'Toilet to tap' not so bad

WICHITA FALLS, Texas — Allow me this pithy observation about something most of us might not quite understand.

It is that treated toilet water doesn’t taste so bad.

How do I know this? We stopped over the weekend in Wichita Falls to eat lunch at a favorite restaurant. The waitress served us water. As I was sipping it, it hit me: The city is treating toilet water, blending it with reservoir water and is serving it to customers such as us: my wife, our son and me.

I had heard about this project about a year ago as the drought and the accompanying water shortage tightened its grip on Wichita Falls, which relies exclusively on two reservoirs that supply its water. No aquifer here. It’s all surface water.

The city has enacted serious water restrictions. No lawn watering. Limited car-washing.

And now it is blending toilet water with reservoir water to reduce its freshwater consumption by about half.

I’m telling ya, it doesn’t taste bad. Not at all.

Panhandle PBS, which employs me as a freelance blogger, did a comprehensive special on the Texas water crisis. It aired in October on several PBS affiliates throughout the state. One of the segments included a look at the Wichita Falls situation, which has gotten quite dire.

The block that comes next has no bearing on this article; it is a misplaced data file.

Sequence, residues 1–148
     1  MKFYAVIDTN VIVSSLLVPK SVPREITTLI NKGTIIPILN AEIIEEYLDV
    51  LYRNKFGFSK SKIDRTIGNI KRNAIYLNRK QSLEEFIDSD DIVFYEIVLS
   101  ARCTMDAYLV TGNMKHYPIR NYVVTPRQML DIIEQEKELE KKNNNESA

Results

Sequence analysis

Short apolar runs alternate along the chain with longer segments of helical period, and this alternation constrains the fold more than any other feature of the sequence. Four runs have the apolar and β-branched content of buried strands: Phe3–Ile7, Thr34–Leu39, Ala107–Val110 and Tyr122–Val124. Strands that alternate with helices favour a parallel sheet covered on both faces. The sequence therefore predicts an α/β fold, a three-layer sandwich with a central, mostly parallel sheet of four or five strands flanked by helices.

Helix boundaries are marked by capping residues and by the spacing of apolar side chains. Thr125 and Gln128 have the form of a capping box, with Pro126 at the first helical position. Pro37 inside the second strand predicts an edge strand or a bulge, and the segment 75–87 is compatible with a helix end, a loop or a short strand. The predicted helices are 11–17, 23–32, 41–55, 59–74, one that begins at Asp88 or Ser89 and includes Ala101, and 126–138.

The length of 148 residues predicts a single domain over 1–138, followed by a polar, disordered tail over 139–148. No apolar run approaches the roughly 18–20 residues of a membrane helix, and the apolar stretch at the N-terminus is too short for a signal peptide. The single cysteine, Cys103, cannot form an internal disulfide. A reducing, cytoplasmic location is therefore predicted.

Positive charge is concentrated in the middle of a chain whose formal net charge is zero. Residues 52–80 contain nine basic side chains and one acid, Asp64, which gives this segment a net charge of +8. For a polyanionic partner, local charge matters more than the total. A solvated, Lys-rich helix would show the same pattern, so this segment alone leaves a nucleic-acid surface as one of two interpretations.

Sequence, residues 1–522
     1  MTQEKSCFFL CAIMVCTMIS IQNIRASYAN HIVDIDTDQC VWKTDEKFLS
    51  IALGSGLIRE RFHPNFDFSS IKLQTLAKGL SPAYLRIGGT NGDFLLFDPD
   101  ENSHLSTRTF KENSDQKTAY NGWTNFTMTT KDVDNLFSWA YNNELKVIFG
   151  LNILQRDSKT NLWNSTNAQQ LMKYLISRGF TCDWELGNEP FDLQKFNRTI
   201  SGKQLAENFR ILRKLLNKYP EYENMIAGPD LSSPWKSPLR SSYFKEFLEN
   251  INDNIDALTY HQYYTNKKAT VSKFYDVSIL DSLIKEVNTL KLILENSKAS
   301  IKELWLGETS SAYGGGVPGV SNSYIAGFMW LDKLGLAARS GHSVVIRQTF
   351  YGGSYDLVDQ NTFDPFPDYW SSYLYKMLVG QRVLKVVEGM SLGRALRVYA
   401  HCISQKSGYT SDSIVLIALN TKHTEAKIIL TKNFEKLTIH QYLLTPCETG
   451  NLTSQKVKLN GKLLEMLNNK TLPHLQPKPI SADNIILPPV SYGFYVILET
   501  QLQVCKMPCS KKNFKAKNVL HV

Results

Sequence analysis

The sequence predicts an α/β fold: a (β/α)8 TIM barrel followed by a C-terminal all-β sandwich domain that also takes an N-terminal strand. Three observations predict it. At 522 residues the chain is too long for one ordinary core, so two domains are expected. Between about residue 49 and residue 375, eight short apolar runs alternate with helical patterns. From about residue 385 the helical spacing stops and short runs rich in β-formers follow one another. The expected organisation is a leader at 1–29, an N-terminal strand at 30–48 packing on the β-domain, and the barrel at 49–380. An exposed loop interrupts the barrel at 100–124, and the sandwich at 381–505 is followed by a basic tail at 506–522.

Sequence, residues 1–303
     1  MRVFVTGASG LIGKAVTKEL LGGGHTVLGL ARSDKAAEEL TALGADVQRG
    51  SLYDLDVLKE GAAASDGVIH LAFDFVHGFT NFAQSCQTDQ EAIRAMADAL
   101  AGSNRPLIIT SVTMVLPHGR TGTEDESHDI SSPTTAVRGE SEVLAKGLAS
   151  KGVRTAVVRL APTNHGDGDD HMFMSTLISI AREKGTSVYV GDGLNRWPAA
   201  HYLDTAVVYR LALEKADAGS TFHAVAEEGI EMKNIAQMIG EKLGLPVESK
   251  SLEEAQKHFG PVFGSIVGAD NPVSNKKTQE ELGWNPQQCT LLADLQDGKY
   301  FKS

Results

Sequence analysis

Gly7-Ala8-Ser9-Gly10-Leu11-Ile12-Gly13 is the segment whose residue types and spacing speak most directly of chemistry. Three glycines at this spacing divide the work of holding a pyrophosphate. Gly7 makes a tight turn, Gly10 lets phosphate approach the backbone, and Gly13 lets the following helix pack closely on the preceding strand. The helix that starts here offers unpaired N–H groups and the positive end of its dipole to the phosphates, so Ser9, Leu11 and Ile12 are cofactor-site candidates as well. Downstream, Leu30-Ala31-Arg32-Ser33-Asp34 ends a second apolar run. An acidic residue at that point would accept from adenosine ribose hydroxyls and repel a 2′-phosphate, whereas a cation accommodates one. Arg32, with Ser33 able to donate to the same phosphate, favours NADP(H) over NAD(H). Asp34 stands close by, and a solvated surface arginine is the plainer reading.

Ellen Green of Panhandle PBS interviewed Mayor Glen Barham about what she referred to as the “toilet to tap” program.

You can catch the interview at the 20-minute mark on the attached link.

http://video.kacvtv.org/video/2365345995/

The city claims good success with the program, which is monitored carefully by the Texas Commission on Environmental Quality to ensure that it meets state and federal health standards.

So here’s a thought.

Amarillo’s water future isn’t nearly as grim. The city is purchasing lots of groundwater rights and says it has enough water to last another 100 or so years. No one is talking seriously — yet — about water restrictions here.

But wouldn’t it be prudent to think, um, more strategically? I’m wondering if Amarillo would be wise to examine ways to treat our own wastewater into potable water well in advance of there being an actual need to use it.

I’ve long said that I didn’t want to know when I was drinking treated toilet water.

Consider it a change of heart, but having┬áswilled some of it this weekend, my concern about drinking┬áwastewater has vanished — more or less.